Monday, September 22, 2008

Movie Mon. - "Annubis, Egyptian Jackal God? Or Melted Football Shape?"

Speed Racer: Big screen live action adaption of nostalgia laden cartoon which was not only filled with striking visuals, but also nowhere near as bad as I had feared it would be. As a matter of fact, I actually wound up liking it. Yes, during a couple of the races the CGI was a bit too much like watching a gigantic video game; and sure, once or twice I was worried the flashy lights might trigger an epileptic seizure or two; and, of course, there were times I wanted the comic relief younger brother and monkey to just drop off the face of the planet. But, on the whole, the Wachowski Brothers managed to create a film that captured the style and energy of the animated series without totally compromising the reality of the film, something that other live action attempts at adapting cartoons (The Flintstones, Scooby Doo) weren't able to accomplish. Not sorry I waited for it to come out on video, but also not sorry I rented it.

Snow Angels:
Fairly depressing drama that tells two parallel stories: the first about a teenage boy struggilng with his parents' separation, and the second about the boy's former babysitter (Kate Beckinsale) who is struggling with being a single mom after kicking out her volatile (and suicideal) husband (Sam Rockwell). Although well done and well acted -- especially Rockwell as the down-and-out ex trying to get his life together and failing pretty misearbly -- I just never connected well enough with any of the characters for their dramas to effect me on a deeper level. Can't really pick out any glaring reasons why this was; could have just been that I was watching it while fighting off a major sinus attack. But, for whatever reason, I can neither condemn nor recommend this film Kind of ambivalent towards it.

Going to Pieces: The Rise and Fall of the Slasher Film:
Documentary about the popular horror sub-genre, chronicling the many ups and downs in the popularity of the slasher genre over the last 50 years or so. Probably only interesting to fans of the genre, but if you are a fan, then there's some nice interviews here with some of the big names in the biz, from Wes Craven to John Carpenter to Tom Savini to the screen-writer of Psycho. Also, the girl who played the main character in Sleepaway Camp, who reveals that she had no clue about the ending until she saw it on the big-screen with friends; bet that gave her nightmares. Some may quibble about the films it focuses on and the films it ignores -- trust me, there are some really heated threads on the IMDB boards -- but whether you agree with the pool of films that it draws from or not, there's some interesting information to be gleaned here.

Documentary about the Young@Heart chorus, a group of senior citizens who travel the world performing songs by The Beatles, Sonic Youth, Coldplay, The Rolling Stones, etc. The film is at its best when it allows the seniors to just be themselves; anytime the director steps in to ask questions or do the voice-over narration, the film just came to a screeching halt for me. I also found the director of the group to be more of an annoyance than anything else, and often wished that some of the sassier seniors would tell him off, but I guess none of them wanted to kicked out of the group; either that or they actually like the guy. A lot of the success of the group comes from humor garnered from the juxtaposition of the elderly boogieing on down to James Brown or doing a disco classic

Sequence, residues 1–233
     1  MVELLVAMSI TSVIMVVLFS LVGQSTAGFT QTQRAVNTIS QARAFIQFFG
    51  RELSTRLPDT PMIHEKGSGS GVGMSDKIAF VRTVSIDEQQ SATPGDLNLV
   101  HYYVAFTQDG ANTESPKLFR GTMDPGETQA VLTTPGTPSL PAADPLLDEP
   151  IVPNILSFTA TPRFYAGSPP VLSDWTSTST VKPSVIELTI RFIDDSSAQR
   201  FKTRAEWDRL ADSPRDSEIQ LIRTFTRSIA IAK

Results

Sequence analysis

while other times they capitilize on the extra poingentcy added to more sentimental songs, such as "Forever Young" or this Coldplay tune

And then there was this nice cover of a Talking Heads song*

which made me track down the original version

which in turn made me want to go and rent the Talking Heads movie True Stories which I haven't seen in ages, and which contains one of my favorite non sequiter musical sequences of all time

But I digress . . .

The Plague Dogs: Animated film based on Richard Adams' novel about two dogs who escape from a government lab and must learn how to survive in the wild while being hunted down by farmers who have become convinced the dogs are savage beasts infected with the plague. Pales in comparison with Adams' much superior Watership Down.

Quirky comedy about Salman, a terminal screw-up (writer and director Scott Penergrast) who moves in with his semi-estranged sister-in-law (Lisa Kudrow, playing the uptight-and-bitter part of her acting range) to help her with the kids while his brother is overseas and who, when his help turns out to be more of a hindrance, gets a job as mascot for her company BlueNeXion

Defintiely my favorite movie of the week; would have been prime Odd Squodd material if Li'l Brother hadn't gotten shipped off to Lufkin. Kudrow's character did grate on my nerves at times with her short temper with Salman at the beginning, but all of that was washed away as soon as he put on the mascot costume. I don't know what it was, but pretty much every sight gag based around that costume cracked me up, as did his oldest nephew's homicidal tendencies.** Throw in some hilarious random pieces of dialogue -- "Alright, now, which night-light? Annubis, Egyptian Jackal God? Or melted football shape? " -- and a realtively dark outlook on life with just a tinge of hope, and you have a film that was made just for my people.

*With just a sprinkling of The Isley Brothers' "Shout" thrown in for good measure
**If you don't listen closely you might miss him whispering "When Uncle Salman's asleep let's burn down the house."


Jaxon said...

I just read one of the early reviews of choke. Looks like a really good movie. I love the book, and cant wait to see it.

Cap'n Neurotic said...

I haven't read Choke yet, but the movie has definitely been on my "must-see" list ever since I first heard about it. Sam Rockwell's one of those "if he's in it, I gotta see it" actors for me